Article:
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“Bite-Size Bits of Local, National, and Global History”
“Bite-Size Bits of Local, National, and Global History”
Morro Bay in San Luis Obispo County, California — The American West (Pacific Coastal)
 

Morro Rock

 
 
Morro Rock Marker image. Click for full size.
By Andrew Ruppenstein, September 5, 2008
1. Morro Rock Marker
Inscription. An important mariner's landfall for over 300 years, chronicled in the diaries of Portola, Fr. Crespi and Costanso in 1769 when they camped near this area on their trek to find Monterey. Sometimes called the "Gibraltar of the Pacific". It is the last in the famous chain of nine peaks which start in the city of San Luis Obispo.

California Registered Historical Landmark No. 821

Plaque placed by the State Department of Parks and Recreation in cooperation with the Morro Bay Chamber of Commerce and the San Luis Obispo County Historical Society.
May 25, 1968

 
Erected 1968 by California State Department of Parks and Recreation. (Marker Number 821.)
 
Marker series. This marker is included in the California Historical Landmarks, and the Juan Caspar de Portolá Expedition marker series.
 
Location. 35° 22.232′ N, 120° 51.899′ W. Marker is in Morro Bay, California, in San Luis Obispo County. Marker is on Coleman Drive 0.3 miles west of Embarcadero, on the right when traveling west. Click for map. Marker is in this post office area: Morro Bay CA 93442, United States of America.
 
Other nearby markers. At least 8 other markers are within 13 miles of this marker, measured as the crow flies. The First Landing of Filipinos in the Continental United States
Morro Rock Marker and Monument (with Morro Rock in the background) image. Click for full size.
By Andrew Ruppenstein, September 5, 2008
2. Morro Rock Marker and Monument (with Morro Rock in the background)
(approx. ¼ mile away); Cayucos by the Sea (approx. 5.9 miles away); Home of Capt. James Cass (approx. 6 miles away); Mustang Memorial Plaza (approx. 12.4 miles away); The Old Powerhouse (approx. 12.4 miles away); Chong's Candy Store (approx. 12.9 miles away); Site of Ah Louis Store (approx. 12.9 miles away); “Love” and “Double Joy” (approx. 12.9 miles away).
 
More about this marker. The marker is mounted on a stone monument in the parking lot at the foot of Morro Rock, immediately to the left as one enters the lot. The general location is eary to find as the Rock is visible for miles around.
 
Regarding Morro Rock.

• In 1542, Juan Rodriguez Cabrillo, the Portugese explorer, sighted and named Morro Rock.
• In 1769, Gaspar de Portola, Father Juan Crespi, and some sixty other men and one hundred mules marched north on an overland expedition from San Diego, to find Monterey Bay, camping at one point near Morro Rock.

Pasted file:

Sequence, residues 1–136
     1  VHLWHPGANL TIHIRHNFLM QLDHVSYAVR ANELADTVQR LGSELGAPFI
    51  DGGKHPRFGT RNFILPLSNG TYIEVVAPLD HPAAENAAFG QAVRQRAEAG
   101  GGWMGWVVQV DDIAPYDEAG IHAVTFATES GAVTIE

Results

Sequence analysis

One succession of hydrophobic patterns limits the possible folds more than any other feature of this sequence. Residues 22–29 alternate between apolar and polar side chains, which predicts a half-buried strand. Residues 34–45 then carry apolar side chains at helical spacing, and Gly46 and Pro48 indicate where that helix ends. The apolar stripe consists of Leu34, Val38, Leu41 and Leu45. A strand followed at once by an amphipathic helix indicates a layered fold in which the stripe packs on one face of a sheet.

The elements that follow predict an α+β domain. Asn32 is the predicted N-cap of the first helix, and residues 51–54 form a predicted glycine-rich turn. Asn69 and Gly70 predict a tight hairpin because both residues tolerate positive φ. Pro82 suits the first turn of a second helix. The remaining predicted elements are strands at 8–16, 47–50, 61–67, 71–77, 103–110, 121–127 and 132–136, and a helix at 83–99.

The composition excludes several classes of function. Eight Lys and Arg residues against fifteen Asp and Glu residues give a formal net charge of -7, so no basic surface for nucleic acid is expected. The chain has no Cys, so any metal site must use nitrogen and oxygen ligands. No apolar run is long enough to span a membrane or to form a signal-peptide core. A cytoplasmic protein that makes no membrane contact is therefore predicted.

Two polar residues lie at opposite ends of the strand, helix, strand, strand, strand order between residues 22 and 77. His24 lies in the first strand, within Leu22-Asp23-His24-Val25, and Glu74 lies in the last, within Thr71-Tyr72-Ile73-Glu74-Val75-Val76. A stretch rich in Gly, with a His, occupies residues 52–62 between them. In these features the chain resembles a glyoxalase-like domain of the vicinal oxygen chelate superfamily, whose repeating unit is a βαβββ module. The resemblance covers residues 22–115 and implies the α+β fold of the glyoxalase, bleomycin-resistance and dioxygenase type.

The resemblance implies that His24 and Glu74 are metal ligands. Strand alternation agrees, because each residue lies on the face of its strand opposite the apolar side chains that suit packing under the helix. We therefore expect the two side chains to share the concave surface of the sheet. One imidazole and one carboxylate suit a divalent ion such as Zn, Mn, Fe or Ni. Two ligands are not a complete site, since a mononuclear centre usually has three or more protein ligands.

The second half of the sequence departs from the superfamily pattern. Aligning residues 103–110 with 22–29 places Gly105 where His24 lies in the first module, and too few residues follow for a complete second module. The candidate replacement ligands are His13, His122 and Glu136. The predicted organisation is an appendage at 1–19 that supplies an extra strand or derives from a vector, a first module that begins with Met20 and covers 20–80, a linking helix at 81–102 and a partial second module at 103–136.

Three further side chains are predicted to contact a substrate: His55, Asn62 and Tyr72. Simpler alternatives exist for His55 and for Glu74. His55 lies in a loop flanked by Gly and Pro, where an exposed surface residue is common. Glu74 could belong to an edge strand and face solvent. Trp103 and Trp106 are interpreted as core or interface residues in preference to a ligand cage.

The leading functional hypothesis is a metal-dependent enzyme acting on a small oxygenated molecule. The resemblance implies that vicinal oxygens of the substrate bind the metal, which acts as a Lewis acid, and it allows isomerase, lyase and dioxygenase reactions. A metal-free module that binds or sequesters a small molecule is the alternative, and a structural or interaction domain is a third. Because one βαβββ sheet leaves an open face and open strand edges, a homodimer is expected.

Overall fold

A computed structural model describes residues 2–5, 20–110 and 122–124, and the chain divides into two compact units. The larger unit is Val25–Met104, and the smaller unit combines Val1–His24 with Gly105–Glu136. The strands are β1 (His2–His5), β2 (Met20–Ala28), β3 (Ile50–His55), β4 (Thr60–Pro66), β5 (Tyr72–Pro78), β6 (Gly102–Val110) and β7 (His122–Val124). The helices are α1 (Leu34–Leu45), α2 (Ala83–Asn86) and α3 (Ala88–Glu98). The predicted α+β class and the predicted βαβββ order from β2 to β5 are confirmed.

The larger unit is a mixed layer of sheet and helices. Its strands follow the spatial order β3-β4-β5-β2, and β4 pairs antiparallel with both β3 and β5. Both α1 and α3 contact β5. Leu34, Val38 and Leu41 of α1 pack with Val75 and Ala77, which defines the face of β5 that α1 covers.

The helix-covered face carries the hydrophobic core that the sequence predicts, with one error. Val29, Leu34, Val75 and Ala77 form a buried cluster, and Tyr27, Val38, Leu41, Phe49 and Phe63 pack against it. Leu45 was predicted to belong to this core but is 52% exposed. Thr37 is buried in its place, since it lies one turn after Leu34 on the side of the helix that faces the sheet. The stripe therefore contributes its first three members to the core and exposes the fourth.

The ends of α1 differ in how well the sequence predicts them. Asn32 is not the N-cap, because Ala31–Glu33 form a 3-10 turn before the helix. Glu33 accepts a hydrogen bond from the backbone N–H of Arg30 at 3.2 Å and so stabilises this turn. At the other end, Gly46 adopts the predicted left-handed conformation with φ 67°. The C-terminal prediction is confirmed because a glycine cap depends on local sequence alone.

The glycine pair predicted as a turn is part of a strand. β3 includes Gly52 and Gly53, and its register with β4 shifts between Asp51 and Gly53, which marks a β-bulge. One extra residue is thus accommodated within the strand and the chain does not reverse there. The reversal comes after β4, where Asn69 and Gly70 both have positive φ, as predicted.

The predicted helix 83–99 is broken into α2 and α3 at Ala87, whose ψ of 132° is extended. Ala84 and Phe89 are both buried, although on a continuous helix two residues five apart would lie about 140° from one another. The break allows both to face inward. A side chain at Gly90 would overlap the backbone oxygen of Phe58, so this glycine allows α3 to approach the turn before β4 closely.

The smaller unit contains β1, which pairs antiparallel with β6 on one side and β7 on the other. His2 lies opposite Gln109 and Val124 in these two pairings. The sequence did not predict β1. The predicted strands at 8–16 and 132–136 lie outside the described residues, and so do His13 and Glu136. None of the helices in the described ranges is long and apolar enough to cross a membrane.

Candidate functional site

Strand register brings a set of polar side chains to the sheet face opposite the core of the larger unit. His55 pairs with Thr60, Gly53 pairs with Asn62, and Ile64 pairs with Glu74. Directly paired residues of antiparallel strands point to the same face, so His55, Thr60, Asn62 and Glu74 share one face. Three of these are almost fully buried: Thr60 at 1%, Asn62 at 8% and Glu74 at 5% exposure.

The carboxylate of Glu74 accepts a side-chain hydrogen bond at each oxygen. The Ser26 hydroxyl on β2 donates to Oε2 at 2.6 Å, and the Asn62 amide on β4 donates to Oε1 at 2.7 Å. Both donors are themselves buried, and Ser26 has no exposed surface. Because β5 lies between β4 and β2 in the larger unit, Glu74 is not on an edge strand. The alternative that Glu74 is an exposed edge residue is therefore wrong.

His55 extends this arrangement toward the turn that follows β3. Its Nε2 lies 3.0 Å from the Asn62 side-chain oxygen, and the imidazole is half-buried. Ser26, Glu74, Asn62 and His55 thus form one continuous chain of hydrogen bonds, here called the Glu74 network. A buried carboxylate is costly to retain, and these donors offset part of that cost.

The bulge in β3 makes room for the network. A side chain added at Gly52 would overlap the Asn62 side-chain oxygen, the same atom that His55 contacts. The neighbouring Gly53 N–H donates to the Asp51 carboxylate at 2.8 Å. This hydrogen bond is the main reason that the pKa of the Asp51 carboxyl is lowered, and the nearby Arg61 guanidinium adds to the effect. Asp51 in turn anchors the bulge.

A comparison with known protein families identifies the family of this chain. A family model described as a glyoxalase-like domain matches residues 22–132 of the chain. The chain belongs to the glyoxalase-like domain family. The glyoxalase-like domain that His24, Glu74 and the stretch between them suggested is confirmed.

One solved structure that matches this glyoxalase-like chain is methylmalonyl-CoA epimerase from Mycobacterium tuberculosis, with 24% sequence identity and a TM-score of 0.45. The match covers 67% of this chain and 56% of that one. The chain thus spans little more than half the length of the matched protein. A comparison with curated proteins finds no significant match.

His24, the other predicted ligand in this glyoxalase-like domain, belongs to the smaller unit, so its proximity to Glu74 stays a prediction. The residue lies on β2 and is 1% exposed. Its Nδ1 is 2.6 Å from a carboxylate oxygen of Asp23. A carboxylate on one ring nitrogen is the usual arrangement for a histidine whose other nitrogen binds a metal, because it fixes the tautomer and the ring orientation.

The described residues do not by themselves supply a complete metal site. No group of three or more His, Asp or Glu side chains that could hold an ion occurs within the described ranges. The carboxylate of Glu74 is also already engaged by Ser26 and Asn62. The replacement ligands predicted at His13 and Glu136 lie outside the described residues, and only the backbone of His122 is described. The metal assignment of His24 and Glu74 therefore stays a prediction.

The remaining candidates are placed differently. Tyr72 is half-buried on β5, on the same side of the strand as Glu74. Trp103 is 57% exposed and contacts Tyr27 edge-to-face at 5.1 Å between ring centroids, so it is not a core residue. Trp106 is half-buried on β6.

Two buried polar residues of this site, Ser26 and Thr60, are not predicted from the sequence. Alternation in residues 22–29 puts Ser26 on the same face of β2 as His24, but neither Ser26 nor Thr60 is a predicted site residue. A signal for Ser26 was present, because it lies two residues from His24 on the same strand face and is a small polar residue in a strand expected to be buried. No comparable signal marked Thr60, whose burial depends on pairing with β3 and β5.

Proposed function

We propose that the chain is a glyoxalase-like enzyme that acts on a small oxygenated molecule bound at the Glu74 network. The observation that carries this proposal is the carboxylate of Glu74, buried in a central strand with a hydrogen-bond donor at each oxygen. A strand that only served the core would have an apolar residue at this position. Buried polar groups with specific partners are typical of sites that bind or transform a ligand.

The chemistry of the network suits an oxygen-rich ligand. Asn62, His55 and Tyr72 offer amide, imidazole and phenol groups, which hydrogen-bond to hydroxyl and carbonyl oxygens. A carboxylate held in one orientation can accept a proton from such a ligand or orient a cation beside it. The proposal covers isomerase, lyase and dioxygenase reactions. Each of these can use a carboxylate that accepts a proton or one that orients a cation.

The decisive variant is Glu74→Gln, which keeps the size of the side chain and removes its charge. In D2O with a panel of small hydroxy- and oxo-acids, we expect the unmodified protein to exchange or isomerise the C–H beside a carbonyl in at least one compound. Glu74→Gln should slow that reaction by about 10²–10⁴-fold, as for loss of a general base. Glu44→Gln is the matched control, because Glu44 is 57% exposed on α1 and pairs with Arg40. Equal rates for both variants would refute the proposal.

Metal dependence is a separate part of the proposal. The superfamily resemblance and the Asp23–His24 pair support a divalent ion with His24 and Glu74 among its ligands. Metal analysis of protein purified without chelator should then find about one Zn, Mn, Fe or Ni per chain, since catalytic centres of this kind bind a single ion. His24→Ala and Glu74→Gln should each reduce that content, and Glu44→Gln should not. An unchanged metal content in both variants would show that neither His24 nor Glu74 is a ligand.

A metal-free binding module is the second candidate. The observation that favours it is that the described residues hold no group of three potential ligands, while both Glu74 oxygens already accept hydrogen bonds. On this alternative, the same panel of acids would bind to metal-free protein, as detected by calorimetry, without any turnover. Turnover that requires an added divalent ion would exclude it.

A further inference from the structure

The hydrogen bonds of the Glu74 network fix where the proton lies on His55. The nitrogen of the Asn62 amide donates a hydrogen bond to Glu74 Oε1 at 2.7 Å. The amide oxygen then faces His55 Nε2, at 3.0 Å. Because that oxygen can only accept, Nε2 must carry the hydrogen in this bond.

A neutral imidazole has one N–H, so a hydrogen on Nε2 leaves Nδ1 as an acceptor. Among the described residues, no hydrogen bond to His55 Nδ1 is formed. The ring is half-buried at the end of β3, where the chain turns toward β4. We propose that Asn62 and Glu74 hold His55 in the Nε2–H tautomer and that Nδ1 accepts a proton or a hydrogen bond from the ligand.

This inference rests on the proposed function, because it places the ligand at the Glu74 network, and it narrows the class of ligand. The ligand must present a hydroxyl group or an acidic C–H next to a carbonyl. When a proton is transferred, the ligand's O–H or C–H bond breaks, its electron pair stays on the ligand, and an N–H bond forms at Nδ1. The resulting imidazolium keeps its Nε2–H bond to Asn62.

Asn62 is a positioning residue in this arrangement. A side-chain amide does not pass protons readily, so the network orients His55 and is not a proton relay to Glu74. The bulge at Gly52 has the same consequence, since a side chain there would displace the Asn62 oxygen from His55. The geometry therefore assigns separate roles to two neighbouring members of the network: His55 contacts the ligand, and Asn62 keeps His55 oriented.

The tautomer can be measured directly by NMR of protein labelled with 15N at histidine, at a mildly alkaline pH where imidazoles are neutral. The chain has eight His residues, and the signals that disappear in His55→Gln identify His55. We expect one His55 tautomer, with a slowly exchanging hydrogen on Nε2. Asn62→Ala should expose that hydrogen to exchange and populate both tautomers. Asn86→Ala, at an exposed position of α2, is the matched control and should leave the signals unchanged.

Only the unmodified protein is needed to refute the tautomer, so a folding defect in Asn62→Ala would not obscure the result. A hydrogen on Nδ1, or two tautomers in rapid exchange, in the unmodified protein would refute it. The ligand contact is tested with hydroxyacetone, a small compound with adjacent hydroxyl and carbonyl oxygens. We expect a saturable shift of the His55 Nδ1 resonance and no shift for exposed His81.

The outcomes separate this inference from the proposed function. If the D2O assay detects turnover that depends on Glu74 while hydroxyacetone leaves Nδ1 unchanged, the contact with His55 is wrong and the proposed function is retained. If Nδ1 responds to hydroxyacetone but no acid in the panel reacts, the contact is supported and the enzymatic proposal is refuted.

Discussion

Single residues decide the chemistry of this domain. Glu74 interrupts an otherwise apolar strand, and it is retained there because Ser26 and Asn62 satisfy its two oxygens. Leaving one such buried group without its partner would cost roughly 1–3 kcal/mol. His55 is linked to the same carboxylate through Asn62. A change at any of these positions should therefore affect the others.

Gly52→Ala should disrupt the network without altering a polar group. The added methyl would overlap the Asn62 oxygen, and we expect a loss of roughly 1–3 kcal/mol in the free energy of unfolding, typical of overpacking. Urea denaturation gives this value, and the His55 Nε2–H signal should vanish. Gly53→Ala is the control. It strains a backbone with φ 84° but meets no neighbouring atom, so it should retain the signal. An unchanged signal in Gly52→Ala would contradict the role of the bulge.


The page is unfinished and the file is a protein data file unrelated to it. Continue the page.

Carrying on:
• The Rock was quarried periodically from 1889 to 1963. In 1966 the State of California obtained
Morro Rock (View from the North) image. Click for full size.
By Andrew Ruppenstein, September 5, 2008
3. Morro Rock (View from the North)
Morro Rock is estimated to be about 23 million years old, and is the plug remnant of an extinct volcano. Its roughly 580 foot tall peak was obscured by marine coastal fog on what was otherwise a warm and sunny day not very far from where this photo was taken.
title to it, and in 1968 was declared a state landmark, and Morro Rock is now a nature preserve.

 
Also see . . .
1. Morro Rock State Reserve. A description of the Morro Rock State Reserve. (Submitted on November 25, 2009.) 

2. Morro Rock. Morro Rock was an island up to the 1930s. This site provides discussion and numerous historical photographs of how the area surrounding Morro Rock has changed over time. (Submitted on November 25, 2009.) 
 
Categories. ExplorationLandmarksNatural Features
 
Morro Rock - Morro Bay, Calif. image. Click for full size.
Distributed by Bob Ball, Visalia, California, Color by Mike Roberts, Berkeley, Calif.
4. Morro Rock - Morro Bay, Calif.
Description on Postcard:
Discovered by Cabrillo in 1542, this sheer piece of granite rises 576 feet to guard the broad white beaches and sheltered waters of picturesque Morro Bay.
 
 
Credits. This page originally submitted on , by Andrew Ruppenstein of Sacramento, California. This page has been viewed 1,154 times since then and 16 times this year. Photos:   1. submitted on , by Andrew Ruppenstein of Sacramento, California.   2, 3. submitted on , by Andrew Ruppenstein of Sacramento, California.   4. submitted on . • Syd Whittle was the editor who published this page. This page was last revised on June 16, 2016.
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